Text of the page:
Master Photographers on Their Art.


I started out just taking pictures. I was fifteen and a half. They were pictures of the neighbors, friends, and so forth. Eventually I got into it more. It became a career and I’ve been doing it ever since.

Since photography is so simple, especially now when everybody is some kind of photographer, people try to invest it with mystique, self-importance. But an orangutan with a camera would get a result. And blown up large enough it might sell very well.

I have two parallel “photographies”—stuff done for hire, to fill briefs and satisfy clients; and then pictures I take for my own amusement, my hobby. And they are quite different. I have a professional life and I have an amateur life. Perhaps I am now mostly known for the amateur life.

I travel a great deal and I always try to justify what I do by taking some time off and taking pictures. This is particularly because my travels take me to interesting places.

What makes a picture I like? It will have a good composition, be a well-balanced photograph, and I would like it to say something beyond the obvious.

Luck is very much part of my modus operandi.

Usually I don’t set anything up. Sometimes I do.

With what I’ve called “Phototoons,” sometimes a series of pictures appears, two or three or four in a sequence. They seem to be more like cartoons than anything else, hence the name.

I don’t mind copying my own stuff, if somebody assigns me to do it, but I have a problem when they get somebody else to do it. I do the pictures I care about, for myself, in black and white, on film.

Digital has made things so easy it has had an effect on the quality of the image. Anything that is terribly easy makes you lazy.

I’m doing a project under an assumed name. It will be a book that is full of everything that I don’t do—it is color, it is vulgar; total nonsense, just an exercise, and it is all digital. A bit of a send-up of what is popular right now.

I suppose I sneak around a bit, taking pictures of people when they don’t notice, looking for the spontaneous, the unarranged. But, of course, one does arrange pictures simply by framing, moving around, crouching, or standing up. That’s kind of legitimate arranging; the kind that isn’t, is if you say “stand here,” and I do that too! Certainly, professionally, I do it all the time, but that is something else.

Nudists love to have their pictures taken. They are exhibitionists, generally.

I’ve just done a book on Rome. I have been there a few times and have quite a lot of pictures. I brought it up to date with some new images. I put the Pope next to erlusconi in the layout.

Anything to do with the Church in Rome is funny, with all the silly people in their gowns. It is good for pictures. I was there for the synod and all the cardinals were there—that’s good for a laugh.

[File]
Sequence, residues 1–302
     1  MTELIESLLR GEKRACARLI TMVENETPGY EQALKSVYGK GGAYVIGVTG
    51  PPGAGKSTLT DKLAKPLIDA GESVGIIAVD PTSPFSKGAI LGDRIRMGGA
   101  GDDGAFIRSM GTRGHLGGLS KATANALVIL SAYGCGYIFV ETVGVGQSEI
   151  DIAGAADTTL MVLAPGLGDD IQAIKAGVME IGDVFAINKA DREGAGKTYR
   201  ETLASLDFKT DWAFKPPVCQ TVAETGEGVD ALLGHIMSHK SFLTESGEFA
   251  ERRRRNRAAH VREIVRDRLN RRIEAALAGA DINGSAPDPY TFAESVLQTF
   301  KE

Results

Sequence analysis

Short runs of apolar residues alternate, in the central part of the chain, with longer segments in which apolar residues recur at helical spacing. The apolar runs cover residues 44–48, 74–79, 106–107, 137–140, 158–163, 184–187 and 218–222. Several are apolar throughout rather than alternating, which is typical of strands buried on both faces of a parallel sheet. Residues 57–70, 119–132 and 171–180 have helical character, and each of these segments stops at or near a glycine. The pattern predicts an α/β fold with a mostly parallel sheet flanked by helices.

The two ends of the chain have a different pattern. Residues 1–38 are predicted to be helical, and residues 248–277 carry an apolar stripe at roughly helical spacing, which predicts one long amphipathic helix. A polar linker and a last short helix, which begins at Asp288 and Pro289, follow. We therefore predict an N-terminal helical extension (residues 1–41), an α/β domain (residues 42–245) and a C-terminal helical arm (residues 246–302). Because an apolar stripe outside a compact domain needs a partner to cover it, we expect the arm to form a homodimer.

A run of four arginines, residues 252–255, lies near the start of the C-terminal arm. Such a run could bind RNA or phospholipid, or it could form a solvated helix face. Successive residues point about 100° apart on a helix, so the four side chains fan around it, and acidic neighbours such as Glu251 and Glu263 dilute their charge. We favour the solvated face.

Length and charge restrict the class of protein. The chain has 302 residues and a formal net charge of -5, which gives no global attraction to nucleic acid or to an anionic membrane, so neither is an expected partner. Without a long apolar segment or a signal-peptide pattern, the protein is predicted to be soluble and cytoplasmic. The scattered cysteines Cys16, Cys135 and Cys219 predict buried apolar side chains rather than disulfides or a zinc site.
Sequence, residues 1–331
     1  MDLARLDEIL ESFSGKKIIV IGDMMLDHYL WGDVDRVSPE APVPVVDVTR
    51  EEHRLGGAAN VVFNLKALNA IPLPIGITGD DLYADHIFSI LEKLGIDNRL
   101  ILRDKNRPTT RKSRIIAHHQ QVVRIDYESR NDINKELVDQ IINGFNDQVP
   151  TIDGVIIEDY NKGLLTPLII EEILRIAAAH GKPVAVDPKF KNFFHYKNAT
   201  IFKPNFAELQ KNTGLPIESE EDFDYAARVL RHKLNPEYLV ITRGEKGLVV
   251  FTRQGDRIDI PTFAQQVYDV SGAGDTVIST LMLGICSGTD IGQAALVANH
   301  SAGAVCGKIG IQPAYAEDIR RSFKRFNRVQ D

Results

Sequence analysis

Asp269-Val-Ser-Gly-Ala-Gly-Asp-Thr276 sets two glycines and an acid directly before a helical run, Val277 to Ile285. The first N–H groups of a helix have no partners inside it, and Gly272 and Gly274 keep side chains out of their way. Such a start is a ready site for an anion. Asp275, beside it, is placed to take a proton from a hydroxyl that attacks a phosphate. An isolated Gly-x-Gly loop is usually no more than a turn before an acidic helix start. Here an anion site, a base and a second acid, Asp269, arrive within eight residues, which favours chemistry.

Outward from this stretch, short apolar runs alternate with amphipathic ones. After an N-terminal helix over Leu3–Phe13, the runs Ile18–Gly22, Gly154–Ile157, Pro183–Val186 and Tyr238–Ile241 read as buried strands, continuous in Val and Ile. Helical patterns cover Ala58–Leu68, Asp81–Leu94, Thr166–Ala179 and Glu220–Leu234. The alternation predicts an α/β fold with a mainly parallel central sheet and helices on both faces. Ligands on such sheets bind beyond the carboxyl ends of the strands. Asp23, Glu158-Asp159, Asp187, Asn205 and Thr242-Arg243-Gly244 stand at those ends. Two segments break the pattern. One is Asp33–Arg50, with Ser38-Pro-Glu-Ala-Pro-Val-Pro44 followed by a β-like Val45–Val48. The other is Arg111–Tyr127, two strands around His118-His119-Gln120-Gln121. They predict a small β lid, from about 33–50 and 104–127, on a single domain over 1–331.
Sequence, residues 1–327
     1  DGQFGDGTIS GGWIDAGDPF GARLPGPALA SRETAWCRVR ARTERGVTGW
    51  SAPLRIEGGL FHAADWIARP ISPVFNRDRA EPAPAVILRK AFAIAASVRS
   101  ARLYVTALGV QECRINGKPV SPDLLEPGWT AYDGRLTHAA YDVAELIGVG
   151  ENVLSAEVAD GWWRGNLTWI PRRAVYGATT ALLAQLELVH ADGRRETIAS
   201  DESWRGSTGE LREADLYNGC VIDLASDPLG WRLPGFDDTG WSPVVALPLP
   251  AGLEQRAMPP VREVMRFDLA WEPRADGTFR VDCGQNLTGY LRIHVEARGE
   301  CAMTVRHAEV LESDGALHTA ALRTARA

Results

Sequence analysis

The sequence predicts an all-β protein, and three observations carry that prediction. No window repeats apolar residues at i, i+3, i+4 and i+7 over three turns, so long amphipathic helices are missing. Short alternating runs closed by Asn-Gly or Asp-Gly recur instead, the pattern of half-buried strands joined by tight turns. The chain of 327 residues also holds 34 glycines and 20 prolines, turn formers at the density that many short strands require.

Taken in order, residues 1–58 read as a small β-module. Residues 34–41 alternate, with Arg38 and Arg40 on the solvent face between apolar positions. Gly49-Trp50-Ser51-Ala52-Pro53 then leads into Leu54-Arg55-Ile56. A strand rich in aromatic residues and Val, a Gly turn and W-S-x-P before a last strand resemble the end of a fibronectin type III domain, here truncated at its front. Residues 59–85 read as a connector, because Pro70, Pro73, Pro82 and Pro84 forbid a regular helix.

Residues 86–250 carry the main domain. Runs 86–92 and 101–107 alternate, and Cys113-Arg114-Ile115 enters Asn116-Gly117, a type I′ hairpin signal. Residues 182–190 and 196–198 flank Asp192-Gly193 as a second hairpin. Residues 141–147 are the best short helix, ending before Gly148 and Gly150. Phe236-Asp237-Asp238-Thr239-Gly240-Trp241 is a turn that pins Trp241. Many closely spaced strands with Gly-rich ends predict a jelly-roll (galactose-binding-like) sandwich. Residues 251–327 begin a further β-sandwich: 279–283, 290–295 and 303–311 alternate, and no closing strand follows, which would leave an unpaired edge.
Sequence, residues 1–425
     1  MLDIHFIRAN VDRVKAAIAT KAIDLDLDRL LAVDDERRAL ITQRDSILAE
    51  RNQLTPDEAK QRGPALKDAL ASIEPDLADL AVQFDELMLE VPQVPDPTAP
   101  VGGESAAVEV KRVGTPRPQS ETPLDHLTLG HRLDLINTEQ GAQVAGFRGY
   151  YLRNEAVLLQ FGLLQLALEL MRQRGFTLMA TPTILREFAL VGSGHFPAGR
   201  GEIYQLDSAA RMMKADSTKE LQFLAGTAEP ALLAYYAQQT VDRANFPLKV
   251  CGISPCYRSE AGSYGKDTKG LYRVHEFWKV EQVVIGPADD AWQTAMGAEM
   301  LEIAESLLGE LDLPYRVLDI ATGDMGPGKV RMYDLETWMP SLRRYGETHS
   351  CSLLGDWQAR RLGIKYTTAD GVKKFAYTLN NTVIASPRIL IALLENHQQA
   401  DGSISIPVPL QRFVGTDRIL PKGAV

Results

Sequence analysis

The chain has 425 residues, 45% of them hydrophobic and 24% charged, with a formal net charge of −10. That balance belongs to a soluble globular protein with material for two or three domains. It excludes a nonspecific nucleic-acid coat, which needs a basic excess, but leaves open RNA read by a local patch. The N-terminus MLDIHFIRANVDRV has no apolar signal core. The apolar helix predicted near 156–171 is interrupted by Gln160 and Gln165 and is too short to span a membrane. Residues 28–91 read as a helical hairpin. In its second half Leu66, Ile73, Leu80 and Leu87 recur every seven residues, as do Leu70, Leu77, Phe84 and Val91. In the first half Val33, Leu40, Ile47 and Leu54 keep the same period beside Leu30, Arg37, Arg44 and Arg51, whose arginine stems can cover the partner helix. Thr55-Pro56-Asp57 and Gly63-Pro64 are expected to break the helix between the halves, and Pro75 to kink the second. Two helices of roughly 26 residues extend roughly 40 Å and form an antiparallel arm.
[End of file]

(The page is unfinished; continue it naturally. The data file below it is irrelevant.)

You try to go to places where things do happen. When I walk my dog I often take my camera along. Dogs are a good subject because they are very similar to humans. For me, they are people with more hair and they don’t ask for prints.

I discovered I happened to have a lot of dog pictures. And when I started to do books, I thought “Dogs are of universal interest,” and so I put it together. It worked out, so I kept on taking pictures of dogs.

The pictures I take for myself are essentially the same over the years. You might think I haven’t progressed at all! But, commercially—those pictures have changed because you do what is expected of you, what is in the brief. With the personal pictures, it is simply what I see, a simple truth.

I have a few favorite pictures, but they change. I would just like to continue what I am doing. It is sad to see that it is hard for young people to progress and get started in the kind of photography I think that counts. Often the only really interesting pictures you see are in fashion—but who really cares about that?

My technique with people? Well, it depends. I have a horn that sometimes I blow. It is like with horses, the ears go up and they pay attention. There are all kinds of tricks, but generally you don’t need them; just take pictures.

I think the best thing for a young photographer to do today is to be an heir. It is a tough one, trying to work as a photographer now; it is seen as a glamour profession and too many people want to do it, and colleges turning so many people out. To have a career in it today is pretty tough.

Everybody is a photographer or, at least, everybody with a phone has a camera nowadays. It would be nice for everybody to understand more about the visual, about form, about what it is that makes a picture. It makes your life full.

I prefer to be amusing rather than to be tragic.


 

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